There are two important reasons why I love December to February, our summer break, in higher education in Australia. The first, is that I finally get to set aside time for research and wading my way through the stack of articles, news stories, reports and publications which I add to my ‘to look at later pile’ throughout the course of the year. The second is that I also have the opportunity in my spare time to write blogs or articles such as this one, sharing some of my experiences, my advice, and the lessons that I have learned as part of my time working in student accommodation (and the wider student affairs space).
Over the past few years, I’ve found that both activities have not only been of personal value – adding to my own professional development, knowledge base and skill set — but I’ve also had feedback from others (near and far!) that the information I’ve openly shared – be it through such blogs, articles, phone calls, conversations or face-to-face meetings – has been of great value to them. In some cases, they’ve adopted or introduced new programs or events, changed a process or an approach, or simply learnt something new. Best of all, on most occasions I’ve also gained from the experience.
Despite such benefits, putting our hand up to speak, share our work, or seek feedback can be a daunting task, but there are three critical reasons why knowledge exchange is something we should continue to embrace, both at a local and more global level.
1. We’ve got a lot to learn: Achieving perfection is an unobtainable feat, which effectively means that no matter how much work you put into something, no matter how well it works, no matter how good it looks – there’s always room for improvement. If we can continually look at new ways of doing things or review the approach others are taking, we can see things with fresh perspective, generate new knowledge, and we can start to work towards best practice.
2. We’ve got a lot to share: Here’s your pep talk for the day – you are all amazing….at something! Yes, that’s right, we’ve all got a topic or area of knowledge that we know in great detail and can speak confidently and knowledgeably about no matter what the situation or circumstance. Whatever your piece of knowledge, sharing it with others is an uplifting and positive experience which will enhance your reputation and credibility.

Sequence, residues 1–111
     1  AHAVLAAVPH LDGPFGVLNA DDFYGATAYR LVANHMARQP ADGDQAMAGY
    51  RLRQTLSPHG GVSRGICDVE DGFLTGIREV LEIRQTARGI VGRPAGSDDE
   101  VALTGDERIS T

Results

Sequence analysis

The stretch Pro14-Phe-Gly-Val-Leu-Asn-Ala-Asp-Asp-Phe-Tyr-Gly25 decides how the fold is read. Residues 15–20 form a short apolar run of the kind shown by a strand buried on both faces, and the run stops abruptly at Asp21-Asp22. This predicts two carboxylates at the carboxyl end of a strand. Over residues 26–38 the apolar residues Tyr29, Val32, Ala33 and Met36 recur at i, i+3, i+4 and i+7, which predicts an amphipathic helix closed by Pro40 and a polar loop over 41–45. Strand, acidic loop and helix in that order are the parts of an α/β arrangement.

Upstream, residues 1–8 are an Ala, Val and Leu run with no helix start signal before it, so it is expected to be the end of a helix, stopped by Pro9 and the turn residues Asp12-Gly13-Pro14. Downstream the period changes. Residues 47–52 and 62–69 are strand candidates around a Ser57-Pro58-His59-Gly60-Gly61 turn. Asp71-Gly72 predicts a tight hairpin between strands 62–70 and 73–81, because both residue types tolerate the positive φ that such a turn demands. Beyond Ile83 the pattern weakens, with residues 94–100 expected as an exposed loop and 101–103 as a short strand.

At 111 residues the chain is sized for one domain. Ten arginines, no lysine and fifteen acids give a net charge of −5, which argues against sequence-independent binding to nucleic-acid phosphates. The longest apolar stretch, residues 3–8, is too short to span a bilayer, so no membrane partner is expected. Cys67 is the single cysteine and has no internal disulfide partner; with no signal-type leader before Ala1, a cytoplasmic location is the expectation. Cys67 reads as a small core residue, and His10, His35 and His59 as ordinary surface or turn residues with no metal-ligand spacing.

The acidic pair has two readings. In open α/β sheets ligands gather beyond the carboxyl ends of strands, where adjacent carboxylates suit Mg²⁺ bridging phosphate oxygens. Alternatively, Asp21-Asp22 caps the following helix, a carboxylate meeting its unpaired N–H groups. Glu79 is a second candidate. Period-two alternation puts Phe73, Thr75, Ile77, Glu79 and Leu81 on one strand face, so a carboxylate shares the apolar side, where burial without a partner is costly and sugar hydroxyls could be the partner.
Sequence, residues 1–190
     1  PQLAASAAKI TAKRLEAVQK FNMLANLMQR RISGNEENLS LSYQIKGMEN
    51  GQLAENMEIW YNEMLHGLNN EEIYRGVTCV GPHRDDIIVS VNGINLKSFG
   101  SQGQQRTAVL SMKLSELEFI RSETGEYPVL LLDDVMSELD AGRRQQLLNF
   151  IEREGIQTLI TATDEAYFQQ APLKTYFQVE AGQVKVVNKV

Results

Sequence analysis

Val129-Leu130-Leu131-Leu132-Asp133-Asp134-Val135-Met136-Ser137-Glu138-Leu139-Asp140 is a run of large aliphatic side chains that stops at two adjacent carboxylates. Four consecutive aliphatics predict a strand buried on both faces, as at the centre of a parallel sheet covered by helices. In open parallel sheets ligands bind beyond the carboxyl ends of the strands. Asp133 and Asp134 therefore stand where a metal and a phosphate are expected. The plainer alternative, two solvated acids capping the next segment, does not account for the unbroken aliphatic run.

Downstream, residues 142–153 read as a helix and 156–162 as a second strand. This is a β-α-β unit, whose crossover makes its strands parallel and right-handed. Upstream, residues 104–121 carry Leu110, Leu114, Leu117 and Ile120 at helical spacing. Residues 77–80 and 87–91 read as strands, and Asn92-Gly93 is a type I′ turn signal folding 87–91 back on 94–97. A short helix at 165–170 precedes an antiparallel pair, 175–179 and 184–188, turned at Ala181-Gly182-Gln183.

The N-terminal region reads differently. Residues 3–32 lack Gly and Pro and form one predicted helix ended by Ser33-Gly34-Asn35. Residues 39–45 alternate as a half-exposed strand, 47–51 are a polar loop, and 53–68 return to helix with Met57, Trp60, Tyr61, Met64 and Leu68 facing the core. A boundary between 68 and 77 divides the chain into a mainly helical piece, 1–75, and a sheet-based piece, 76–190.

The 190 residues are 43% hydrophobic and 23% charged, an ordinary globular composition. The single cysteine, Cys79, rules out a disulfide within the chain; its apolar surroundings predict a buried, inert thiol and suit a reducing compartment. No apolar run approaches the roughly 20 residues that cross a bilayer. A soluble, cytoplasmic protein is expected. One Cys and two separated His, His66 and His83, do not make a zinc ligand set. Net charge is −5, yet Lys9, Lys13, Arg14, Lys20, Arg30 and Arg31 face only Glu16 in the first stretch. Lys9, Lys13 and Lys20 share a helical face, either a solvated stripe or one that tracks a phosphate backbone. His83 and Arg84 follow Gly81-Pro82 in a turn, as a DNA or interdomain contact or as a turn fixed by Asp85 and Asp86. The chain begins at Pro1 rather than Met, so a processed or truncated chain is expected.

3. It’s a win-win situation: Putting both of those reasons aside, the biggest motivation for knowledge exchange has to be the reality that everyone involved benefits! If we continue to improve our processes, programs, services or offerings in higher education, our outputs improve, things work better, staff are happier, and we achieve or exceed our stated outcomes. Indirectly, our students also reap the rewards.
Whatever your motivation for putting yourself out there to share what you’ve learnt, or what you already know, the best part is that you’re probably already doing it in some way, shape or form if you are:
– Seeking feedback and providing it in return
– Asking constructive questions – in particular, how and why?
– Conducting or reviewing research
– Letting others know what you are planning, and why you have adopted a particular approach
– Asking for help, guidance, or advice
– Requesting assistance with a project, event, or activity
– Promoting your work – the success stories, the challenges and lessons learned via conferences, blogs, or articles
– Seeking out a mentor, or acting as one for someone else
– Continually looking for opportunities to learn from others
– Observing and reflecting
– Looking beyond your own ‘backyard’ – consider similar industries or ‘go global’ to see how others do things
– ‘Walking in someone else’s shoes’ – looking at things with an alternative perspective or immersing yourself in a different learning environment
What other creative ways do you share your knowledge and experiences with others?
> BONUS <
Podcast With Wimer Alberto on Housing Operations